In the course of running your business, you’ve probably encountered more legal fine print and formalities than you ever thought possible. In this post, we’ll break down the “Doing Business As” (DBA) to see if your business needs one.
What Is a DBA?
In the U.S., a DBA lets the public know who the real owner of a business is. The DBA is also called a Fictitious Business Name or Assumed Business Name. It got its origins as a form of consumer protection, so dishonest business owners can’t try to avoid legal trouble by operating under a different name.
When someone files a DBA, it’s normally circulated in some kind of print newspaper (maybe you’ve noticed all those “fictitious business name” entries in the local classifieds). It lets the community know exactly what people are behind a business.
Do You Need a DBA?
In general, there are two reasons why a business in the U.S. will need to get a DBA:
1. For sole proprietors: If you’re operating your business as a sole proprietor, then you’ll need to file for a DBA if your business has a different name than your own name. So, let’s say I’ve started a gardening business called Spring Flowers Gardening; I’ll need to file for a DBA for “Spring Flowers Gardening.”
There are a few other details to know. In some cases, you don’t need a DBA if your business name is a combination of your name and a description of your product or service. In this case, if my business was called Nellie Akalp’s Gardening Service, I may not need a DBA. But, if it’s just my first name (aka Nellie’s Gardening Service), then a DBA is required. If that sounds confusing, don’t worry; just touch base with your local (town or county) clerk’s office and ask them if you’ll need a DBA.
2. For corporations and LLCs: If you have filed to become a corporation or LLC, then you’ve already registered your business name and don’t need a DBA. However, you will need to get a DBA if you plan on conducting business using a name that’s different than the name filed with your LLC/corporation paperwork.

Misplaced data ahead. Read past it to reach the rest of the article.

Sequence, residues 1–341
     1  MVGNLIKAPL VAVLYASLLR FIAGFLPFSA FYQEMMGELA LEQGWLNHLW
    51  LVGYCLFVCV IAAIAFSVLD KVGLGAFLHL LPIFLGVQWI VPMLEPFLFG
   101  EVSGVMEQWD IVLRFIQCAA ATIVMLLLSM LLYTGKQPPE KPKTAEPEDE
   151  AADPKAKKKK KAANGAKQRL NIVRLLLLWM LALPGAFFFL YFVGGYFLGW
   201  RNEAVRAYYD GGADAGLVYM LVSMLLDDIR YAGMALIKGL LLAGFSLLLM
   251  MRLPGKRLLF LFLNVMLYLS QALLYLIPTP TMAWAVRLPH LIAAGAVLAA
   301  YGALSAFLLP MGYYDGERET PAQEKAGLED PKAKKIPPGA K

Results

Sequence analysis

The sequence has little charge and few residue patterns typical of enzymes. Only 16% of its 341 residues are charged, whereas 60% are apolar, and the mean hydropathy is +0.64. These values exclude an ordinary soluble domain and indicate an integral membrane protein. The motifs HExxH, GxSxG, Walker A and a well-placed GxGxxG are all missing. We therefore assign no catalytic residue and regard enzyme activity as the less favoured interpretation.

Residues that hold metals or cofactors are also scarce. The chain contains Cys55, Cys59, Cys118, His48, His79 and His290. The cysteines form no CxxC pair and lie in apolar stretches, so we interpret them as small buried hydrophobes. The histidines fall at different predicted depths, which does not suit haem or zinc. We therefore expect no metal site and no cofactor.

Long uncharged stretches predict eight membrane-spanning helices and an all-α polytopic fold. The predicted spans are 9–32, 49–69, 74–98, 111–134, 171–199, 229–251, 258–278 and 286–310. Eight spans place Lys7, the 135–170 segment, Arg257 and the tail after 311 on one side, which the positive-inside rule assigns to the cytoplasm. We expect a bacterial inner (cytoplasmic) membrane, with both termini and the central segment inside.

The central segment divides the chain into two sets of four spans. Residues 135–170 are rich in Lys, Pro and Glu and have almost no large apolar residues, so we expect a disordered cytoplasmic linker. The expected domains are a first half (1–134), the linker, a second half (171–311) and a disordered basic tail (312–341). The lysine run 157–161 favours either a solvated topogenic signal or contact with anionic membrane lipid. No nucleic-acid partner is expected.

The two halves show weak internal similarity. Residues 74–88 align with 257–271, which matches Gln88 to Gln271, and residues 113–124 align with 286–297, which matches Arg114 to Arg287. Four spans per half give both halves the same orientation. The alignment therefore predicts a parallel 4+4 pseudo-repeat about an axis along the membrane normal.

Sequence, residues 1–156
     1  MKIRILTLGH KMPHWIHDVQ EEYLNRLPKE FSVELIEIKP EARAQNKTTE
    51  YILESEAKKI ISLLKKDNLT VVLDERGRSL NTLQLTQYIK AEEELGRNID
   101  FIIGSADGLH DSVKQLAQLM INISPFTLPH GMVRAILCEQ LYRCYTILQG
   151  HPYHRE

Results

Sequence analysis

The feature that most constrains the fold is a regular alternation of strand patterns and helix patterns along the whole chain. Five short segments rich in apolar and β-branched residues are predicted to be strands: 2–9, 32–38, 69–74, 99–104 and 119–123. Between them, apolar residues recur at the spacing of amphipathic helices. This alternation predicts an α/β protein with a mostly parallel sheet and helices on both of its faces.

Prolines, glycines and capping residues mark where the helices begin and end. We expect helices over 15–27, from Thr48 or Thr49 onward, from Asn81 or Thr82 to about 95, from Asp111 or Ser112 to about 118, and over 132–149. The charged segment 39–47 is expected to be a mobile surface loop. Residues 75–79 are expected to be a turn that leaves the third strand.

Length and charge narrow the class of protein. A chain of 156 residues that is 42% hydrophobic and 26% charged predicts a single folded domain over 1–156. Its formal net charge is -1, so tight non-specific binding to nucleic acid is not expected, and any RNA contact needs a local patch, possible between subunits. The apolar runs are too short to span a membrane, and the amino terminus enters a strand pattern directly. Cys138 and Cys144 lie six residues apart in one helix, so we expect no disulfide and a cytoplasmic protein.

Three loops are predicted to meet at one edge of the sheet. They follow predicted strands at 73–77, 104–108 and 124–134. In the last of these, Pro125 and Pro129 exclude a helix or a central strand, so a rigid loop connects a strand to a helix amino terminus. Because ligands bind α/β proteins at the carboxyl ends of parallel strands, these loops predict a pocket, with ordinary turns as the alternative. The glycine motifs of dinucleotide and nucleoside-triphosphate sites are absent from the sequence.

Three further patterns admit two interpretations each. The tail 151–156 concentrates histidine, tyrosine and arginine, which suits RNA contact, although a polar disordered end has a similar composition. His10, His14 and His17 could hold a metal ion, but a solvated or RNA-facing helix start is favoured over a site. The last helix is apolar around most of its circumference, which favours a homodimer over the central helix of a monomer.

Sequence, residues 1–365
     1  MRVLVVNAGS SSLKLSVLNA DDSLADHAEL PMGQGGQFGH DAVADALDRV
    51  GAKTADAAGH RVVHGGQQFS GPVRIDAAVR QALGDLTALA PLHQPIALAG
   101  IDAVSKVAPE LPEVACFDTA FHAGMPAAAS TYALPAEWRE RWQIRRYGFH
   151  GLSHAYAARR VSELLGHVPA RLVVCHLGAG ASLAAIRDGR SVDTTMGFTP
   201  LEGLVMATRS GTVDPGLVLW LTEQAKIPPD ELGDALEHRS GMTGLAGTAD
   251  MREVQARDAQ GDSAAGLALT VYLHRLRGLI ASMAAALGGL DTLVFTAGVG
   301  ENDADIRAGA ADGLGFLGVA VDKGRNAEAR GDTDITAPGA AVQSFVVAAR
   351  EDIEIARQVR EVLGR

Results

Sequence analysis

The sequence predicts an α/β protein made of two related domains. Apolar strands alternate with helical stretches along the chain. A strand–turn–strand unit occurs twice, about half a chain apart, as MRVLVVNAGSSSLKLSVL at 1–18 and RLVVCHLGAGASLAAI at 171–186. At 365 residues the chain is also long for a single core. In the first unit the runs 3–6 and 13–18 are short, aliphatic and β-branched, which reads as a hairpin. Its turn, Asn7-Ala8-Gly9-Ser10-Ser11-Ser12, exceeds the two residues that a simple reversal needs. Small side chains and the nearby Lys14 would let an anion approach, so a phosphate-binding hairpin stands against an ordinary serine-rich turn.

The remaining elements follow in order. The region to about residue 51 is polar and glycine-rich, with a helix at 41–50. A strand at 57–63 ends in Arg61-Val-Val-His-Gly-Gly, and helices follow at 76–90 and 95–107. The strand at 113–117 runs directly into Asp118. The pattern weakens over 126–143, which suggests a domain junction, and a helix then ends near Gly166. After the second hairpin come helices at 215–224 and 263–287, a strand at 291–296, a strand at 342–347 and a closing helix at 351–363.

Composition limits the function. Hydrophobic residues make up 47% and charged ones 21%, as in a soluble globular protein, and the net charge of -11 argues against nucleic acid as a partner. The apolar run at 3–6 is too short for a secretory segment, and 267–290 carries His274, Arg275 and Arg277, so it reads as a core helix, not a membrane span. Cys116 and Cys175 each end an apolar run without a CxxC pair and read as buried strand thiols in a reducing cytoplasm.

So back to my Spring Flowers business… I incorporated my business as Spring Flowers Gardening. My business will need to file a DBA in order to operate under “SpringFlowersGardening.com” or “Spring Flowers.” Likewise, if I opened a Garden Shop, I’d need a DBA for “Spring Flowers Garden Shop.” In short, you’ll need a DBA to operate with any kind of variation of your original name.
The Importance of a DBA
I’m sure this sounds like a lot of unnecessary, extraneous paperwork. Yet there actually are a few important reasons to get your DBAs in order.
1. It’s the easiest way to register your name: If you’re a sole proprietor, then filing for a DBA is going to be the simplest and least expensive way to use a business name. You can create a separate professional business identity, without having to form an LLC or corporation. And for sole proprietors, a DBA is required in order to open a bank account and receive payments in the name of your business.
2. For LLCs or corporations, a DBA will let you operate multiple businesses without having to form a separate LLC or corporation for each business. Let’s say your business wants to expand into multiple websites, stores, restaurants, services, etc. You can create a corporation with a relatively generic name and use a DBA for each individual business. This will cut down on your paperwork and expenses when you’re operating multiple projects.
3. Keeps your business compliant: If your business is an LLC or corporation, you enjoy certain legal protections. However, these protections may be invalidated if you’re operating under a different name and didn’t file for a DBA. For example, I may have incorporated Spring Flowers Gardening, Inc. But if I sign a client contract under Spring Flowers (or some other variation like that), that contract may not hold up in court.
Filing a DBA
The rules, requirements, forms and fees associated with filing a DBA are different in each state and county. The U.S. SBA provides a which details DBA filings state-by-state. By using a legal document filing service, you can make sure that you’re following your county and state requirements perfectly and won’t be accidentally operating outside of the law.
Wondering what business structure is right for you? See Nellie’s post on business structures.